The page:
Now to change the narrators.

There is a Christian woman on our block. I’m pretty sure she is some type of fundy since she wears long flowery skirts most of the time and the telltale Jesus fish bumper sticker. She has a little girl the same age as ours and she refuses to let her come over to play. Is she overprotective or homophobic?
The children seem to get along very well so we let our baby go over there to play. I really hope the mother doesn’t proselytize or shame her. Our sweetheart has enough bigotry to deal with at school because she has two moms. I wish I could protect her from that – it breaks my heart.
The hetero mama is almost always home. I wonder if it is because she enjoys it or if she feels too guilty to work outside the home. Does she even have the choice?
When I go on my evening walk, I often see her sitting in front of the window looking out. Tonight I pause and look up at her. I know she sees me but she looks right through me as if she doesn’t. She looks trapped. I wonder if she doesn’t long for a more free life, like mine.

Food and Punishment

Our relationship to food could be simple. As my grandfather liked to tell me, “You want to work, you need to eat.” I spent a lot of time on my grandparents’ farms, where food was work, livelihood, and community.  We gathered eggs, planted, weeded, harvested, butchered, milked, hulled, peeled, and stored food together. I was witness to (and begrudging active in) the wonderful process of bread from start to finish. While applesauce, herbs, onions, turnips and potatoes would last the whole winter, the strawberries and raspberries disappeared early – especially when when us kids were old enough to pick them by ourselves. Eating the food was something you did so you could continue growing it.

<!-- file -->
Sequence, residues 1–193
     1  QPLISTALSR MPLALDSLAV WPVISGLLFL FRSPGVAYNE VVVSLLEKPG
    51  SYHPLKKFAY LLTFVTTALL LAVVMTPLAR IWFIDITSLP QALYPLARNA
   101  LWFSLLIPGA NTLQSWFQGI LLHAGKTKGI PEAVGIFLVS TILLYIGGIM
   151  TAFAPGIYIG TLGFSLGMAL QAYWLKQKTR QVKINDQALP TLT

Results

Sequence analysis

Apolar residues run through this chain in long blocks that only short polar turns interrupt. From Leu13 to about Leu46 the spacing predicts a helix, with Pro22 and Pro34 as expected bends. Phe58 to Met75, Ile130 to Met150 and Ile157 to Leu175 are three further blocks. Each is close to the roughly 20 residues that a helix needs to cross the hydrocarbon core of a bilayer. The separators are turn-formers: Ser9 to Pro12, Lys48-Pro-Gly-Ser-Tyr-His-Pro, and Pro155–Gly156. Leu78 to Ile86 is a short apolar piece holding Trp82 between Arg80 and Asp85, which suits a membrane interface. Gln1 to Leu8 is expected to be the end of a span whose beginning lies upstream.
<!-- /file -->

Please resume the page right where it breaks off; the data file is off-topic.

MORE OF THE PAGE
My dad studied nutrition at University (as well as other things – he is a Renaissance style genius) and we spent much time playing at his health food store, so we learned about nutrients early. Food was science. It was the childhood glee of killing potato bugs. My grandmother reciting poetry while we worked in the garden or kitchen. It was as ubiquitous as air.
Then, puberty happened and my skinny body stopped being so skinny.  I didn’t like the new shape.  I became hyper-aware of the fat-shaming culture I had always lived in but felt immune too.  Food was still a necessity but now it was dangerous.  I heard the girls around me share tips on how to eat less and exercise more.  My cousin would point at overweight women and say “that’s you in a few years!” and I knew this was a terrible fate.  At 5 foot 6 and 125 lbs (168 cm, 55 kg) I felt like a globular walrus.
Food was fuel, unless I was mad at myself.  Then it was punishment.  I would force myself to eat a bowl of cookie dough, or half a chocolate zucchini cake and with each bite I would say “I’m ugly, I deserve to be fat”.   Not eating sweets was a sign of strength and hope, so overeating them was the appropriate punishment.
A different cousin came to live with me.  Instead of fretting about her body, she loved it.  She loved food too, and we would walk across town even through -40 C on candy runs.  She wore clothes that appreciated her impressive cleavage and encouraged me to borrow her clothes.   (This sometimes had unfortunate results.)  br />After years of seeing food as a way to police my worth as a person and a necessary evil, I still struggle with seeing food as anything but a tool for survival. It is easier to see it as a formula – so many fats, carbs, proteins, vitamins and minerals to plug in every day. I’m free(er) of the impulse to punish myself by indulging or withholding food, and now I can work on learning to enjoy it.

Answering Van Impe on his “Good News” about the “Impending Islamic Takeover”

We received some Jack Van Impe Ministries propaganda in the mail.  Jack Van Impe is the perfect name for a devil, eh?  

Van Impe asks some questions which I will answer.

1) What is the true goal of Islam? The answer to this question literally places YOUR FUTURE on the line!

Umm, probably the same as any religion?  That is, there are many goals and many variations.  A few would be: sense of purpose, community, policing societal mores, etc.  Since I don’t make money by scare-mongering, this doesn’t affect my future.

2. What have Islamic leaders warned they would do in promoting Islam’s rule over all the world?  How should Christians respond?

I’m guessing no worse than Christians of ages past (and present) have done.  I would hope Christians could respond like compassionate reasonable mature people, and realize that Muslims are also compassionate reasonable mature people.  No one wants a new version of the crusades.  At least, most people don’t.

3. How can we know whether we will experience terrifying wars ahead of us? Fear not!  The Rapture will come first.
Sigh.  Going by human history, I’d say the odds are high for war and zero for Rapture.